The forum will be a community conversation to discuss what solutions may be available to combat the issue.
The public is invited to attend the 90-minute forum beginning at 7 p.m. Oct. 24 at Mercy HealthPlex, 3050 Mack Road. It will feature discussions from those in the medical treatment community, law enforcement and a recovering addict.
OPIOID EPIDEMIC: Who is dying of heroin in Butler County?
“We’re just trying to get the message out to where we can to people who need help, people with family members that need help and community members looking to understand the issue,” said Fairfield spokeswoman Jenny Dexter.
The city’s partners include Mercy Hospital-Fairfield, the Fairfield Community Foundation, the Fairfield Prevention Coalition and the Butler County Mental Health and Addiction Recovery Services Board.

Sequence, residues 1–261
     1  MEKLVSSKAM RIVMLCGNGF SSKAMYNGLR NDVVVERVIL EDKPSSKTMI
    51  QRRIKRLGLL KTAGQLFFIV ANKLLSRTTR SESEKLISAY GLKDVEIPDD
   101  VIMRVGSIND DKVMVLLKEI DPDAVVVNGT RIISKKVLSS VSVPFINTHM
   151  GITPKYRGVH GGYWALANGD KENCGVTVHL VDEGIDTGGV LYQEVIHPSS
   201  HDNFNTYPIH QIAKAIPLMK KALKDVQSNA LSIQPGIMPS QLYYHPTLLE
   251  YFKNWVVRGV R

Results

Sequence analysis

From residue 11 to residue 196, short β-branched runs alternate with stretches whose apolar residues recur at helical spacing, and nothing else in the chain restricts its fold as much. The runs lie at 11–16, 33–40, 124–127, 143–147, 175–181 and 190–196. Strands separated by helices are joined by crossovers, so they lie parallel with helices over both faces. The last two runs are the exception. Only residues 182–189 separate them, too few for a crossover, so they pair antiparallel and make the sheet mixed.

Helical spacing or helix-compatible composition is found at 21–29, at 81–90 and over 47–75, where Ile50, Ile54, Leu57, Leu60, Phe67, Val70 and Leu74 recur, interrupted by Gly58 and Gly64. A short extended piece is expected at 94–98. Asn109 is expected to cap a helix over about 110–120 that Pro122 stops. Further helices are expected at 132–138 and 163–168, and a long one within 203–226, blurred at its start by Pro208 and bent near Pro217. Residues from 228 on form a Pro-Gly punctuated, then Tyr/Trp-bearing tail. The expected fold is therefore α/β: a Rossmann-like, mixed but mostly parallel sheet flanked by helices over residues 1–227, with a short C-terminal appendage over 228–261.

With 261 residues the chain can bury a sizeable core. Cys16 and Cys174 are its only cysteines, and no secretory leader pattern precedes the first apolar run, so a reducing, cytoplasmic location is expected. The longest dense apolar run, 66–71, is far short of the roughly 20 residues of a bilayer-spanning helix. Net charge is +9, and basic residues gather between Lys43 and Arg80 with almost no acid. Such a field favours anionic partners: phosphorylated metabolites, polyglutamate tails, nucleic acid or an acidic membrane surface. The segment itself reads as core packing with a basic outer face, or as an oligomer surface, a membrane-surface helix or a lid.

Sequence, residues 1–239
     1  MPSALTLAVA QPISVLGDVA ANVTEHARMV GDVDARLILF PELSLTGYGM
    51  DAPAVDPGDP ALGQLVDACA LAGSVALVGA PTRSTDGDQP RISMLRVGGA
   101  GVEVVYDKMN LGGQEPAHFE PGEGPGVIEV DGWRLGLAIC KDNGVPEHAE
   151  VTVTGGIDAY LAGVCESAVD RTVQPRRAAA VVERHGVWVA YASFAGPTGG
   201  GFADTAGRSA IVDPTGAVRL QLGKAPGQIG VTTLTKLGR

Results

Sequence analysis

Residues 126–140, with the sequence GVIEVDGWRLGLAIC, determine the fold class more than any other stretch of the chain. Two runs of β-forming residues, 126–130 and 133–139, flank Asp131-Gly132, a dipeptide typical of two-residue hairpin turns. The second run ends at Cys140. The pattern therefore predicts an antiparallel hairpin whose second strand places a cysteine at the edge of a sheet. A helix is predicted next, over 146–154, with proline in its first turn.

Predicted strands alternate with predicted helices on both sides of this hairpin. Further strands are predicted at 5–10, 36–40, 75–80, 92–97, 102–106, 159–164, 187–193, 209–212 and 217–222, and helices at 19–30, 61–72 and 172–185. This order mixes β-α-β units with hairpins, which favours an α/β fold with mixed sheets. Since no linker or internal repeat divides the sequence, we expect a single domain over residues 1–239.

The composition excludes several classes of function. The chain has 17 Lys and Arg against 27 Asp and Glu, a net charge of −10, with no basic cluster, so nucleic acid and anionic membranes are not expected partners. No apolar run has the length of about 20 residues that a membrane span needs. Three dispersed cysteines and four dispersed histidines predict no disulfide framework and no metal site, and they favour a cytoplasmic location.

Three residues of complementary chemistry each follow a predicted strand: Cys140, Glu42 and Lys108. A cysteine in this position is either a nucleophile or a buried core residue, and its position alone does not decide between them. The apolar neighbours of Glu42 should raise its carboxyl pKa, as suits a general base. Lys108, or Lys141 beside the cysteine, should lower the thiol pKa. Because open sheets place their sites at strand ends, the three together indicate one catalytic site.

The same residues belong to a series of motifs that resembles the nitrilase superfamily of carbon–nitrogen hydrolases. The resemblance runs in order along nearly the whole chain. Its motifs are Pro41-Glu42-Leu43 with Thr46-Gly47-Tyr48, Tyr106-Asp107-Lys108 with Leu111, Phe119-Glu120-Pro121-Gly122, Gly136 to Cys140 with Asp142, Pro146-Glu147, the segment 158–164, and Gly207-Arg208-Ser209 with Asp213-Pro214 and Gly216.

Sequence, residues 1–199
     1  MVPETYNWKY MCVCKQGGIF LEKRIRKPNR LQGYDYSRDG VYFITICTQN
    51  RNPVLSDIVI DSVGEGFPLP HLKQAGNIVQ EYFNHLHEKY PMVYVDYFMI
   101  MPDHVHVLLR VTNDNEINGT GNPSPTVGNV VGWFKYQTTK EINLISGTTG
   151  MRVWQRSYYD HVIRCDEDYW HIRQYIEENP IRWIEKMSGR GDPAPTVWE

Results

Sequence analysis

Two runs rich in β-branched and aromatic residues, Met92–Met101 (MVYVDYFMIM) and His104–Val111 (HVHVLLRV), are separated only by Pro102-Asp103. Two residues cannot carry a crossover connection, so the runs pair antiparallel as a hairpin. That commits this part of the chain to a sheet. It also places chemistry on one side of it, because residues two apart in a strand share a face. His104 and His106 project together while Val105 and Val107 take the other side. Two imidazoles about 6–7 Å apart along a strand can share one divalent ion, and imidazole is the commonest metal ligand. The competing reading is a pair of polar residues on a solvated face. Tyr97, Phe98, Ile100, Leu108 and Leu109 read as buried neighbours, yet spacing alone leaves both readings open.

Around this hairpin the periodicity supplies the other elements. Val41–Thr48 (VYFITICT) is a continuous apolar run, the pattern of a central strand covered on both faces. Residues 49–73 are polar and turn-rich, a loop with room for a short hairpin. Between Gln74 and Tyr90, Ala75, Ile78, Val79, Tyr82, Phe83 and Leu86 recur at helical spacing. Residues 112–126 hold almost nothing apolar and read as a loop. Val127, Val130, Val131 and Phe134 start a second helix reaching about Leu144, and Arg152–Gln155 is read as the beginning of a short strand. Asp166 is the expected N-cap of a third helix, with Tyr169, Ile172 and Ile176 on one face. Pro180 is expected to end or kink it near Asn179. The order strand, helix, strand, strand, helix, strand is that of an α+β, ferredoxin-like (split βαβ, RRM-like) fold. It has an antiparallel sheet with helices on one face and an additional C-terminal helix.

“It’s definitely something that’s been growing in terms of problem of substance abuse, and growing problem of heroin and opioid abuse,” said Deborah Neyer, executive director with the Fairfield Prevention Coalition.
She said the opioid problem is double in Ohio than other states, and the suburban areas, like in Butler County, are not immune to the issue.
Neyer’s organization deals with the youth in the community, and while heroin isn’t a drug they start with, “it is an end result of a lifetime of dabbling in other substances.”
She said there’s an increased perception by the youth that believe there’s an increased ability to access of prescription medication, either in their own home or a relative’s home, such as their grandparents.
According to the Center for Disease Control and Prevention, someone who is addicted to alcohol or marijuana is two times and three times, respectively, more likely to become addicted to heroin. However, someone who is addicted to prescription painkillers is 40 times more likely.